On Saturday, The Associated Press and other news outlets projected that Joe Biden won the 2020 presidential election and will become the new president of the United States. Many supporters were glad to hear this news because they believe Biden may finally break the U.S. Congress's stalemate on a stimulus check bill. Thanks to Biden's policy plans, we have a pretty clear idea of what a stimulus package might look like under his presidency.
Biden inherits a fraught situation as president, with the coronavirus pandemic raging on and the economic recession worsening. Many experts say that another major stimulus package is needed, but the White House and Congress have been at a standstill in negotiations since May. With some new faces in Congress and a new president in the White House, the talks might finally get somewhere, although these new officials won't be sworn in until Jan. 20, 2021.
There is always a chance that Congress and the Trump administration will reach an agreement before that, although some analysts have cast doubt on this theory. According to a CBS News report, the Trump campaign intends to continue to pursue legal battles over the election, claiming that there was widespread voter fraud without any clear evidence.
These actions might take up the time Trump would otherwise use for a stimulus check, though there is no guarantee. If so, here is a look at what a stimulus package under President Biden might look like.
Biden's plan would include another Economic Impact Payment, or stimulus check, sent directly to eligible American taxpayers. According to a report by CNET, Biden appears to favor the same $1,200 check included in the CARES Act, and in other, more recent proposals. It is not clear if he supports the eligibility guidelines proposed in Democrats' HEROES Act, in Republicans' HEALS Act, or a different structure.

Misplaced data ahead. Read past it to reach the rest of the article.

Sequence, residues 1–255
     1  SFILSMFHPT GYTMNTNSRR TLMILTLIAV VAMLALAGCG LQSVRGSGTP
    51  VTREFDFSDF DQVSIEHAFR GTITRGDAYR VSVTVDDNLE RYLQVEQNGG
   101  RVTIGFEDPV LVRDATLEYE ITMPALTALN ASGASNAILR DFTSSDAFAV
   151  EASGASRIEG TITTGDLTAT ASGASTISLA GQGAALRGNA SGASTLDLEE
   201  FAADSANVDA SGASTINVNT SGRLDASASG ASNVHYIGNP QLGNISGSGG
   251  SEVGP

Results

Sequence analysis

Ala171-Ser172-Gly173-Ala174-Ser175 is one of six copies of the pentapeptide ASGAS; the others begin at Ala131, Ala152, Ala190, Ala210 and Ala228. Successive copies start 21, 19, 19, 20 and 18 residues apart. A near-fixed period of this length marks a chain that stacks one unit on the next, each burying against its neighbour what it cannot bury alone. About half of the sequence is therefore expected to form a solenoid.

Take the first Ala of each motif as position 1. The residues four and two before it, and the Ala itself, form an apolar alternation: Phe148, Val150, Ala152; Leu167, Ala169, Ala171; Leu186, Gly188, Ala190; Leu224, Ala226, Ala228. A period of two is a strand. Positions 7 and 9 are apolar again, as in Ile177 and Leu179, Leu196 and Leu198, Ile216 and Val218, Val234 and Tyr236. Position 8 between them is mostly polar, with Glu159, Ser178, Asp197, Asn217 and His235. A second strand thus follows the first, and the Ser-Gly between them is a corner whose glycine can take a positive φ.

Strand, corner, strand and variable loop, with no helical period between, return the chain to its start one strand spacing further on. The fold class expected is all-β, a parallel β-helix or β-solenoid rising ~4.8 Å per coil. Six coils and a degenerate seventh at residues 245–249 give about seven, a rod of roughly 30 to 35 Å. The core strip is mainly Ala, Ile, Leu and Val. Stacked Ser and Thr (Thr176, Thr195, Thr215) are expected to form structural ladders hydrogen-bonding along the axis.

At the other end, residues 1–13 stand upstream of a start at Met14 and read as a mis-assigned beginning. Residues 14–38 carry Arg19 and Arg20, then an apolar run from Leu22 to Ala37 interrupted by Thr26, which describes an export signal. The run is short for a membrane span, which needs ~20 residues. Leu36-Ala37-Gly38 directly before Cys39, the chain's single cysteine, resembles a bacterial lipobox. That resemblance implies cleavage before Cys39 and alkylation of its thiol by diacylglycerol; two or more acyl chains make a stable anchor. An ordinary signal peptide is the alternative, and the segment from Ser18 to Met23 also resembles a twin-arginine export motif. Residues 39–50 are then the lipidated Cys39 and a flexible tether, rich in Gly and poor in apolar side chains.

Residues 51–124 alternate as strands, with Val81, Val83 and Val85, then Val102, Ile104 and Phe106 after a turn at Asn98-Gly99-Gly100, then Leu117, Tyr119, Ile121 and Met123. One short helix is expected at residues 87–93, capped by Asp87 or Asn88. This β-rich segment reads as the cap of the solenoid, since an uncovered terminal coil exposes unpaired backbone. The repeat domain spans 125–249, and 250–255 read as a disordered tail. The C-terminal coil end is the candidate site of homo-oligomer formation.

Either way, none of the proposals have varied much on the stimulus check itself. As president, Biden would only have a role in signing the bill into law, not into making any major overhauls to it.prevnext
Surprisingly, Biden's plan does not address the issue of unemployment, although that has been one of the most important issues to Democrats in Congress. However, Biden is unlikely to rely on executive orders like the one Trump used in August, diverting FEMA emergency relief funds to temporary unemployment checks. It is not clear which side Biden would support in the issue of unemployment enhancements.prevnext
Unlike the CARES Act and more recent stimulus proposals, Biden's plan reportedly includes a boost to social security. He would add $200 per month to Social Security recipients as an emergency measure to help them through the coronavirus pandemic. Whether either side would object to this program is unclear.prevnext
Student Loan Forgiveness
Biden's plan would extend the forbearance on federal student loans, but it does not address the idea of forgiving those loans altogether. The CARES Act suspended federal student loan payments when the pandemic first hit, and Trump eventually extended that forbearance until the end of 2020. Biden's plan would reportedly extend it even further, until at least September of 2021.prevnext
Other programs in Biden's plan include more emergency money for small businesses, emergency sick leave for all workers, new coronavirus prevention funding for state governments and widespread coverage for COVID-19 testing, treatment, and eventually a vaccine, when it is ready.prevnext
Biden's plan is not fully fleshed out, but the real problem with it is the wait before it could be enacted. Assuming the projections that Biden has won the election are correct, he will not be able to start taking action until Jan. 21, 2021, and the situation with the pandemic and the economy could change greatly before then. Biden's plan may be sparse so that it can remain flexible for that situation.prev